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Light, moderate alcohol intake may protect against all-cause, CVD death

25 Aug 2017

It appears that light and moderate consumption of alcohol may be protective against all-cause and cardiovascular disease (CVD)-specific mortality, suggests a recent study involving adults in the United States. On the other hand, heavy or binge drinking correlates with elevated risk of all-cause and cancer-specific mortality.

Researchers included a total of 333,247 participants aged ≥18 years. They obtained data by linking 13 waves of the National Health Interview Surveys (1997 to 2009) to the National Heath Index records through 31 December 2011.

Self-reported alcohol intake patterns were classified into six groups: lifetime abstainers; lifetime infrequent drinkers; former drinkers; and current light, moderate or heavy drinkers. Secondary exposure included binge-drinking status of participants. All-cause, cancer or CVD mortality was the main outcome.

Of the participants, 34,754 died of all causes (including 8,947 and 8,427 CVD and cancer deaths, respectively) after a median follow-up of 8.2 years (2.7 million person-years).

Light or moderate alcohol drinkers had a reduced risk of mortality for all causes (light: hazard ratio [HR], 0.79; 95 percent CI, 0.76 to 0.82; moderate: HR, 0.78; 0.74 to 0.82) and CVD (light: HR, 0.74; 0.69 to 0.80; moderate: HR, 0.71; 0.64 to 0.78) compared with lifetime abstainers.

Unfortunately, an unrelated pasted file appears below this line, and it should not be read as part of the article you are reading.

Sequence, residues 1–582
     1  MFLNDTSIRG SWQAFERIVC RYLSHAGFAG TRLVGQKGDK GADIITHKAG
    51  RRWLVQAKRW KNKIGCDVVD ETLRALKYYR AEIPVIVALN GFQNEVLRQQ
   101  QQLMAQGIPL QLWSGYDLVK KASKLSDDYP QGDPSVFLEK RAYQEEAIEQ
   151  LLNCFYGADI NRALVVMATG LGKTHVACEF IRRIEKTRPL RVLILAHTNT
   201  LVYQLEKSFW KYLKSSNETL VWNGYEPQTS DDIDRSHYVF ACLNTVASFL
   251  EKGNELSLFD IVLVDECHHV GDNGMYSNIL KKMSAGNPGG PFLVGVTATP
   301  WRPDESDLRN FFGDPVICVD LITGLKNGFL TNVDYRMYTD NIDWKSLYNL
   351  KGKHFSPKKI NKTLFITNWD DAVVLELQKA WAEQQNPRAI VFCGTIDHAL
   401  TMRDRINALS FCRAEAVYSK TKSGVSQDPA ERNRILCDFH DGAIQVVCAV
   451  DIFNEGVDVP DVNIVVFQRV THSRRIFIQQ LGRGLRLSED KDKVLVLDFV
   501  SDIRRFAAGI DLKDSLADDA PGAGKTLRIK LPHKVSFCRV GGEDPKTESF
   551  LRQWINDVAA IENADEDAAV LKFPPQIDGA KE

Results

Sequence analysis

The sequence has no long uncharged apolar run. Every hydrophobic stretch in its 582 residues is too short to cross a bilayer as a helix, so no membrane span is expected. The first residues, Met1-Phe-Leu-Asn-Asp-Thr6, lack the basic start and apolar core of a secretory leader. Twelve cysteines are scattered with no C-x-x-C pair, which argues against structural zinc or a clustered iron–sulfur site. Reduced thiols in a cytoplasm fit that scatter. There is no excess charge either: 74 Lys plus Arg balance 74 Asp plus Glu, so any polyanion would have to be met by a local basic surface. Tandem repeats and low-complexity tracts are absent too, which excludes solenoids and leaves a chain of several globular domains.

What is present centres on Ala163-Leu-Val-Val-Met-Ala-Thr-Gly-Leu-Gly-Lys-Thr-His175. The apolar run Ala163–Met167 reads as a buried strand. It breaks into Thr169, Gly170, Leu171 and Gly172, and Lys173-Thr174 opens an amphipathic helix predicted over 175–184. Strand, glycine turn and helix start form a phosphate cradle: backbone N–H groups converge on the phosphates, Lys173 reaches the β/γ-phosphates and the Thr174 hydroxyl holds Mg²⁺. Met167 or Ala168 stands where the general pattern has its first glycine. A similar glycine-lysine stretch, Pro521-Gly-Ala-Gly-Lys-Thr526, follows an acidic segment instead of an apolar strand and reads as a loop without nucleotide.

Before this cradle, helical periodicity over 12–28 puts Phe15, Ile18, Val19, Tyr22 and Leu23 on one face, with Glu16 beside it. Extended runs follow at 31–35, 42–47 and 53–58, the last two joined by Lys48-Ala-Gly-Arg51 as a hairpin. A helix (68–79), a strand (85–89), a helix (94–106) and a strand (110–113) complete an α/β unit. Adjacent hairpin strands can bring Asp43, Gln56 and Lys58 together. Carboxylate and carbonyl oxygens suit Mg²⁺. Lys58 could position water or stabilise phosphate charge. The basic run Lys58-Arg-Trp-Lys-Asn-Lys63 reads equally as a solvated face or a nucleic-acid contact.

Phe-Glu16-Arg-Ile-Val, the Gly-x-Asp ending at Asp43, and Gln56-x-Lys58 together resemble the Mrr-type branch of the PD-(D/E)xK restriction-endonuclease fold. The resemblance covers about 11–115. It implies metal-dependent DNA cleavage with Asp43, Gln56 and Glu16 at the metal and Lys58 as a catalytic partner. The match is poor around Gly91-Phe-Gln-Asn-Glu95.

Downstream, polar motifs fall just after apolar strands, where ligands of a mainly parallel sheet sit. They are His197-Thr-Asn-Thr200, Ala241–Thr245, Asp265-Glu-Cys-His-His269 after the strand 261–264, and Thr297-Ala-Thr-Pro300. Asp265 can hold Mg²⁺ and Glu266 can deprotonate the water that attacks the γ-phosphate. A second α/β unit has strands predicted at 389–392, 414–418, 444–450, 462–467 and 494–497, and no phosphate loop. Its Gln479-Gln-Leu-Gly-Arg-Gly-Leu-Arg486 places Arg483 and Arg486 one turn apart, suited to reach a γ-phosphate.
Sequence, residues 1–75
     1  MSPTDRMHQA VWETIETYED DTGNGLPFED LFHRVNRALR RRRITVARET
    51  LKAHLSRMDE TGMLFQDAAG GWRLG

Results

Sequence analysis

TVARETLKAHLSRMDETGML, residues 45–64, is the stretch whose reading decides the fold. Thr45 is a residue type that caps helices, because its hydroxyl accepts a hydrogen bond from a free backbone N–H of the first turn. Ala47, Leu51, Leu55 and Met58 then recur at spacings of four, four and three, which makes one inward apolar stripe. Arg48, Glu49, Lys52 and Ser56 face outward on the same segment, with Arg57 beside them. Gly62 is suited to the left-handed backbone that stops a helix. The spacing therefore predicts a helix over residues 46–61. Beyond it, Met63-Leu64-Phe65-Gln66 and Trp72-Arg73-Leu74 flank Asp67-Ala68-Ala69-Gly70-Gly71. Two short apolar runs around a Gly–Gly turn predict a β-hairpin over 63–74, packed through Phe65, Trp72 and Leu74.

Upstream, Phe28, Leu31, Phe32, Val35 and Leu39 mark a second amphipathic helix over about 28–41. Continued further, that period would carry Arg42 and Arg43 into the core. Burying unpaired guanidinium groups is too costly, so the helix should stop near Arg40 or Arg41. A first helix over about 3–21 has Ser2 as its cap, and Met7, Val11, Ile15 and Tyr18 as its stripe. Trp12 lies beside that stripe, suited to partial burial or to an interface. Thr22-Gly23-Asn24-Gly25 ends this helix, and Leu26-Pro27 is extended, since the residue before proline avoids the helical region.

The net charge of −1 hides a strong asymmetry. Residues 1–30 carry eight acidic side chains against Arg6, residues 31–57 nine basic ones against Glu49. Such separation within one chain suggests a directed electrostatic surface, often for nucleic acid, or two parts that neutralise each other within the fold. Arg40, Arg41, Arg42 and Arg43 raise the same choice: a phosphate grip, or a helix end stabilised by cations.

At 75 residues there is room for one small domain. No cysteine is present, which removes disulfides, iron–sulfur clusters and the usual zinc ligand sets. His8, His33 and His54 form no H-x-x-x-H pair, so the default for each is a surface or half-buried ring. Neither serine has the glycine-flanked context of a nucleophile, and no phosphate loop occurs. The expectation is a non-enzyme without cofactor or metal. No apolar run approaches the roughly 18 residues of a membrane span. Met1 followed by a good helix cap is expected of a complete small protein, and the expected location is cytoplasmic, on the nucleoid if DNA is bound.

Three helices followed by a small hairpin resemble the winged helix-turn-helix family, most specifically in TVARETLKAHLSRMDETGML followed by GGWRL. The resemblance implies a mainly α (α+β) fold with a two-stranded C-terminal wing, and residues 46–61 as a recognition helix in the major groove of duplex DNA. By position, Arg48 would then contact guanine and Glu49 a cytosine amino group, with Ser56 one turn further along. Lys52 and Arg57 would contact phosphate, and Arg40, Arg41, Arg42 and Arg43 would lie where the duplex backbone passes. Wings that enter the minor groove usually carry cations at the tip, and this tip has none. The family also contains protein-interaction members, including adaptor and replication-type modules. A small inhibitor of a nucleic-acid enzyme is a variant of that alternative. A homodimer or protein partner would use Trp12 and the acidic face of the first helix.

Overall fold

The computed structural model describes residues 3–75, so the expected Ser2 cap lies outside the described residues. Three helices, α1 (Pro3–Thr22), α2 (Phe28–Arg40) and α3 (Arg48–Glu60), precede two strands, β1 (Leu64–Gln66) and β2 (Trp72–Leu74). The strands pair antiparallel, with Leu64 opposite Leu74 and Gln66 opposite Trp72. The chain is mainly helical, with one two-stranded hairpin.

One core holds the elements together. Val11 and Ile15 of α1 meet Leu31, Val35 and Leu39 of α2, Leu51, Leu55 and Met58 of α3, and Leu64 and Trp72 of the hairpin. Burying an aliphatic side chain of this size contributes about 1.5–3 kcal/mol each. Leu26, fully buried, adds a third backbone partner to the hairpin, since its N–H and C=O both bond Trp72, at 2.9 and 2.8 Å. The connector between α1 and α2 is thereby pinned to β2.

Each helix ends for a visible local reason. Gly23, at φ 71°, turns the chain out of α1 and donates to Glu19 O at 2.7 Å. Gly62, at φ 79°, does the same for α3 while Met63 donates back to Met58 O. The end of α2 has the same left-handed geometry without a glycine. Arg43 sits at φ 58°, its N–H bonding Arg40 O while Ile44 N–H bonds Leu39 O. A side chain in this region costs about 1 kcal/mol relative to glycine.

On the contrary, heavy alcohol consumers had a significantly increased risk of mortality for all cause (HR, 1.11; 1.04 to 1.19) and cancer (HR, 1.27; 1.13 to 1.42). Also, an association existed between binge drinking ≥1 day/week and increased risk of all-cause (HR, 1.13; 1.04 to 1.23) and cancer mortality (HR, 1.22; 1.05 to 1.41).

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Most Read Articles
Elvira Manzano, 6 days ago
Bisphosphonates have proven antifracture efficacy and remain to be the cornerstone of osteoporosis treatment. However, a drug holiday is of particular importance with bisphosphonates due to some signals with long-term use of the drug, including rare incidence of atypical femoral fracture (AFF) and osteonecrosis of the jaw (ONJ), says a leading endocrinologist at AFOS 2017.
Yesterday
Drinking coffee, whether caffeinated or decaffeinated, is associated with a reduced risk of cardiovascular disease (CVD) and ischaemic heart disease (IHD) mortality in patients with a prior myocardial infarction (MI), according to a recent study.
3 days ago
Breast cancer patients have notably different microbiomes in the local breast tissue and urinary tract, a recent study reveals. Particularly, species in the Methylobacterium genus are reduced in the local breast tissue while the urinary tract is enriched in gram-positive bacteria.
Pearl Toh, 13 Oct 2017
Women with higher plasma tryptophan concentrations were less likely to have poor sleep quality during pregnancy, especially among those with anxiety symptoms, according to the GUSTO* study.